Board game movies have been a hot topic the past few days, thanks in no small part to the trailer debut of Battleship. That Hasbro classic was just one of seven titles all set for the big-screen treatment at Universal – except now that list of titles is smaller.
Deadline is reporting that Universal dropped a third title from the monumental 2008 deal: Gore Verbinski’s take on Clue now joins Magic: The Gathering and Monopoly (which is still being developed by Hasbro as a potential directing project for Ridley Scott…) as board game movie projects looking for a new home.
The timing of the move to dump Clue seems a little odd – and our initial reaction was that Universal was cooling off on the idea of board game adaptations given the reaction to the Battleship trailer (which many heckled for not only including a Transformers-esque alien spacecraft, but also for Taylor Kitsch’s awkward facial contortions), but the studio says this is not the case. Instead, Universal insiders tell Deadline that the studio has decided to narrow their focus down to the four films that work best for them.
That list features adaptations of Battleship, Candy Land (which the writers are describing as “like Lord of the Rings, with edibles”), Stretch Armstrong (Taylor Lautner is attached to play the rubbery title character – seems almost fitting), and Ouija, which takes the ever popular parlor toy and builds a horror film around it without Tawny Kitaen.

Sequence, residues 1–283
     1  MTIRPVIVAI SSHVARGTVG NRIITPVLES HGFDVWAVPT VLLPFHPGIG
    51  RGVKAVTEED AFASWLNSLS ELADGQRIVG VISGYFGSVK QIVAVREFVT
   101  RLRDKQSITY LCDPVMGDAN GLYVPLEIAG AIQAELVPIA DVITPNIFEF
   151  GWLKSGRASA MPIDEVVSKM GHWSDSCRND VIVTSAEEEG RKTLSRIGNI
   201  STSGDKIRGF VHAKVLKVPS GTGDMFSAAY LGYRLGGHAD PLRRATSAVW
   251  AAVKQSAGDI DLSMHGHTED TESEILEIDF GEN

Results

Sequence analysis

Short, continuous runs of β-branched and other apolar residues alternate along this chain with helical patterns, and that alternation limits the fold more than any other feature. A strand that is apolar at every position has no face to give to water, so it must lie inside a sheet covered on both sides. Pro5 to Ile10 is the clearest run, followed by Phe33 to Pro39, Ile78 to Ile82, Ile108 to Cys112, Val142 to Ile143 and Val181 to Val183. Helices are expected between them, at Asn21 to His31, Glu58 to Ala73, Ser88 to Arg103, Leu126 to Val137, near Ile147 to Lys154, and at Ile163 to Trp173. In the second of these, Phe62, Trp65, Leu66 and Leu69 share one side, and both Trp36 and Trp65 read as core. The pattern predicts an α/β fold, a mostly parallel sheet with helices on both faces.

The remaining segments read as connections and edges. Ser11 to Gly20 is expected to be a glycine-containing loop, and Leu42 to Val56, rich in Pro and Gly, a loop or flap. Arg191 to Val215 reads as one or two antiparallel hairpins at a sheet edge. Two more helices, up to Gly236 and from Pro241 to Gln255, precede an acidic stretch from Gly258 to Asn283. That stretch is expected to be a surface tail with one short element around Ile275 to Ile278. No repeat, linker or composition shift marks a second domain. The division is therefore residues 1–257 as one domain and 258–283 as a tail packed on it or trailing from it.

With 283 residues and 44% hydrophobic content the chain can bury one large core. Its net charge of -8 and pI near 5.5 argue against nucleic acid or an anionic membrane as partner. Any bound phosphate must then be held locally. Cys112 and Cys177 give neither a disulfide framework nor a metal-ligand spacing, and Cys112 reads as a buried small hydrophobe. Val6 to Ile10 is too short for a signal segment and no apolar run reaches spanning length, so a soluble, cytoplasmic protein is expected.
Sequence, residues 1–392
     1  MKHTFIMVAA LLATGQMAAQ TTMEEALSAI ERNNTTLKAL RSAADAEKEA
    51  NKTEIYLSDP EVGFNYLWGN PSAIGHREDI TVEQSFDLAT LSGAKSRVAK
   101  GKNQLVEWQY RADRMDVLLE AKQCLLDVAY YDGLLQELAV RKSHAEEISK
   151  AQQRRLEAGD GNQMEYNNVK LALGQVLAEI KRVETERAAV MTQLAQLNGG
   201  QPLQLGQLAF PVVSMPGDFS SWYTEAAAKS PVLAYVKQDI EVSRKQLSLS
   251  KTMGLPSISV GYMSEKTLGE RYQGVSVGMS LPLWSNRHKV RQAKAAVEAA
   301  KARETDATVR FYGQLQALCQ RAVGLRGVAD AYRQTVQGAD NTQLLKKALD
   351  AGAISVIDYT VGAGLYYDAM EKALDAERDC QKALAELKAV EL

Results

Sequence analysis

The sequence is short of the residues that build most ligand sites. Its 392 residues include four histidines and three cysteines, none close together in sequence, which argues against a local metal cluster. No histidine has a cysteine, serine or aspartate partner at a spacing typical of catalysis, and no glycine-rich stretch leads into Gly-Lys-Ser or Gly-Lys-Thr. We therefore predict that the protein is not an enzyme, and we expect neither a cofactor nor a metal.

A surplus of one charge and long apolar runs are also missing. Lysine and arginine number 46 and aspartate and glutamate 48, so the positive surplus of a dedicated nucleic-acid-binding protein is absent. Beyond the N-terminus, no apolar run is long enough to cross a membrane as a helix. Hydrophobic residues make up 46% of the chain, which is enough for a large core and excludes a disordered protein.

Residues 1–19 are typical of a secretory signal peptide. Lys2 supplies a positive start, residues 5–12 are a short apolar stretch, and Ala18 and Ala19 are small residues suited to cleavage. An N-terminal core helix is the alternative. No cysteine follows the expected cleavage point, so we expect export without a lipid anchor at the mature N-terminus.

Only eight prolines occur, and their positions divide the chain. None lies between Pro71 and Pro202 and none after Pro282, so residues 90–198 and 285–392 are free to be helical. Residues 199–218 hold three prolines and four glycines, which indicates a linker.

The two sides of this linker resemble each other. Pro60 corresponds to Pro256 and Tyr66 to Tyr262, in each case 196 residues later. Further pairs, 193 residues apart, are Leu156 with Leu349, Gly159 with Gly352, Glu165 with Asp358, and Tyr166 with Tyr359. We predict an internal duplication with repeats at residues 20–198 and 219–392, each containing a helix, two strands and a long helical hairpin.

What does this mean for Verbinksi and his planned film version of the popular sleuthing game? Not much, as it turns out. While Universal is out, Hasbro is now funding the development of the project alongside Verbinski’s Blind Wink production company. The film has hired writers (Flash scribes Burk Sharpless and Matt Sazama) and Verbinski still intends to direct. Early word is that the script retains the murder mystery vibe of the board game, but makes it bigger – moving beyond the mansion and placing the story on a global stage.
Any concerns that the Universal/Hasbro relationship was showing signs of strain appear to be unfounded. Hasbro is apparently okay with these decisions because it allows the game-maker -- who became an instant Hollywood player thanks to the success of Transformers and G.I. Joe -- to develop these projects on their own, then return to the studios. Adapting a board game into a feature film isn’t easy (as Battleship so capably demonstrates), and it seems like Hasbro wants to make sure their vision of what these titles represents makes it to the screen. These moves give them that opportunity.
That being said, the whole burgeoning “board game to movie” subgenre’s future lies heavily on the shoulders of Battleship. If Peter Berg’s $200 million film bombs, the road to the silver screen becomes infinitely more challenging for the likes of Candy Land. While sources say that Hasbro and Universal are the best of pals at the moment, it will be interesting to see how that relationship changes should a mega-budgeted event picture like Battleship come up short at the box office and Universal cools on the idea of moving forward with these other films.